It would be advantageous for parents to take the opportunity, rare though the chance might be, to sit down with teenagers willing to talk about what they see, what they know, what they know we adults have no clue about.
Like, what it’s like, really like, out there – the schools, the sex, the friends, the foibles, the pressure, the drugs.
Lots of drugs.
Like, what it’s like to say no to drugs these days, not in a Nancy Reagan way, not in a nerdy way, not in a public service announcement way, not in a Mom-and-Dad way.
Definitely not in a Mom-and-Dad way. Alas.
“Our parents say don’t do drugs or you’ll get in trouble, and that’s the first thing we want to do,” says Isaac Leeman, 16, a high school junior and one of the guys I sat down with at the Media Arts Collaborative Charter School in Albuquerque for this cafeteria table discussion.
“They try to talk to us like we’re idiots,” adds Caelan Harris, 17 and a senior at the school. “And most of our parents were kids during that ’60s and ’70s nonsense. We know what went on back then.”
We are so busted.
But drugs are different now, we parents rightly argue. They’re stronger. They kill.
New Mexico now ranks first in the nation for drug overdose deaths, with a growing number of those deaths occurring among youths – especially those who begin by abusing prescription drugs like Oxycontin, then move up to heroin, then move down, way down, to the grave.
“I’ve seen people OD, and it’s not a pretty sight,” says Robert Serrano, 18 and a senior.
We are here at the school, called MACCS by the students, because Haley Paternoster was also a student here.
Because Haley was a pretty and privileged and popular 16-year-old who few would have guessed had a habit so dark, or would die of a heroin overdose in April 2010.
Because her classmates don’t want anybody else to die like that.
“We see that kids are getting worse and worse,” says Alexander Wilson, 17 and a senior. “I think people would be surprised to know how bad it really is, how easy it is to get heroin and Oxy and who is getting it. It’s not who you think. It’s kids like Haley.”
Which means it could be just about any kid.
So Wilson, Leeman, Harris, Serrano and the four other students past and present from the school’s advanced music production class have come up with a way to say no to drugs that they think kids will listen to.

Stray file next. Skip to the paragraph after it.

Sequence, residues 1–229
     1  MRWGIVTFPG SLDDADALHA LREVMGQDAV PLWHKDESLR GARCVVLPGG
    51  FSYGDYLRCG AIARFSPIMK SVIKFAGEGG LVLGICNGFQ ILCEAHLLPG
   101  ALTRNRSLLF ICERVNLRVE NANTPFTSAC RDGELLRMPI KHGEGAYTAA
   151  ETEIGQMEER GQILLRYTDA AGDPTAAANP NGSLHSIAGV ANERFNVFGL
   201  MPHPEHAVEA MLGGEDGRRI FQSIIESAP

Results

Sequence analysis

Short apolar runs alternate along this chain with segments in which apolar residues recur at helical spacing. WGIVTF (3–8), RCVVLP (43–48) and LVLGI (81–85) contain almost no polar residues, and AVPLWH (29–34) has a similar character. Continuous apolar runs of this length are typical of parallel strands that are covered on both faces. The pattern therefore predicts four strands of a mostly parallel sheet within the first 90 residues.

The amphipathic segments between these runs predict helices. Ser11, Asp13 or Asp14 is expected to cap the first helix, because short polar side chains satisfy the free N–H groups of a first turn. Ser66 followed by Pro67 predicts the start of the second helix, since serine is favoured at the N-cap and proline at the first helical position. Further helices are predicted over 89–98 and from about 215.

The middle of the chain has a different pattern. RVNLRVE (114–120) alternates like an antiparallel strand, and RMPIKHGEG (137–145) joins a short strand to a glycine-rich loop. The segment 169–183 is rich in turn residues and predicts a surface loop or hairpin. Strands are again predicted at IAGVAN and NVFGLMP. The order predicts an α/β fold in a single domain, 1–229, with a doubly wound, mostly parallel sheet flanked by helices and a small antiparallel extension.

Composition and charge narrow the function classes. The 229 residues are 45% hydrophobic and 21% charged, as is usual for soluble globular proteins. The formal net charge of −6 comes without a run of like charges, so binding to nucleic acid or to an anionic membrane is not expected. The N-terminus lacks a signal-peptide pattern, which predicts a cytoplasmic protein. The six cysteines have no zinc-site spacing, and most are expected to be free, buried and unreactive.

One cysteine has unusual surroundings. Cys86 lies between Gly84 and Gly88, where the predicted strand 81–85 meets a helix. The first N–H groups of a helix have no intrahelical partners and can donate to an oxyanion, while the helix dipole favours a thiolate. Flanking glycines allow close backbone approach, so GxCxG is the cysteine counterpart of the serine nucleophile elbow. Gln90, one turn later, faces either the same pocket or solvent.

Because the message is coming from them, peer-to-peer, kid-to-kid, straight, anything but sugar-coated and in the genre and method they prefer – hip-hop and social media.
The group, which calls itself SoundOven, is composing and performing hip-hop songs about combating teen heroin addiction and living and dying in the city. The kids – who also include junior Ruben Valenzuela, 17; senior Floyd Moya, 17; and former students Falon Cole and Alex Torres – are also recording and producing a CD and digital download of the songs and marketing their efforts through Facebook, Twitter and a fundraising site called indiegogo.com.
In addition, they plan to create and produce a music video of the title track, “Haley We Miss You,” a haunting, hurting number about the classmate who struggled with her addiction and lost.
Now here is where you – yes, even you parents – can help.
|About the project
⋄ To donate or learn more about the campaign: www.indiegogo.com/SoundOven-Youth-Media
⋄ To listen to the title track “Haley We Miss You”: soundcloud.com/blake-villela-minnerly/haley-we-miss-you
The students’ goal is to raise $10,000 by March 20 to pay for production, post-production and distribution expenses for the CD and the DVD, which they hope to provide to every school in Albuquerque as a learning tool, a message, a warning, a way to begin a dialog about the dangers of drugs.
“This is a project with meaning,” teacher Blake Minnerly says. “It exemplifies young people trying to make a difference in their community, but in their way, not ours. If you want teens to listen, your message has to be authentic, it has to be real. These guys make it real.”
Several members of the group know firsthand how real drugs can be.
“I’ve seen about every drug being used,” Serrano says. “I’ve seen it, and it makes me not want to do it at all.”
Although their message is aimed at youths, the students have found a strong supporter in one particular parent – Haley’s father, Steve Paternoster.
“This singular message, done by her peers, may have more power than all of our messages together,” says Paternoster, a prominent restaurateur and the biggest contributor thus far to the cause. “If I can get a copy of this CD/DVD to every legislator, every guidance counselor, our governor, her staff, all high schools, all middle schools and beyond, the message of prevention – repeat, prevention – it will send will make me very, very happy. If that turns out to be Haley’s life’s work, maybe she accomplished a lot.”
Which is exactly what these kids know already.
UpFront is a daily front-page news and opinion column. Comment directly to Joline Gutierrez Krueger at 823-3603, email@example.com or follow her on Twitter @jolinegkg. Go to www.abqjournal.com/letters/new to submit a letter to the editor.
— This article appeared on page A1 of the Albuquerque Journal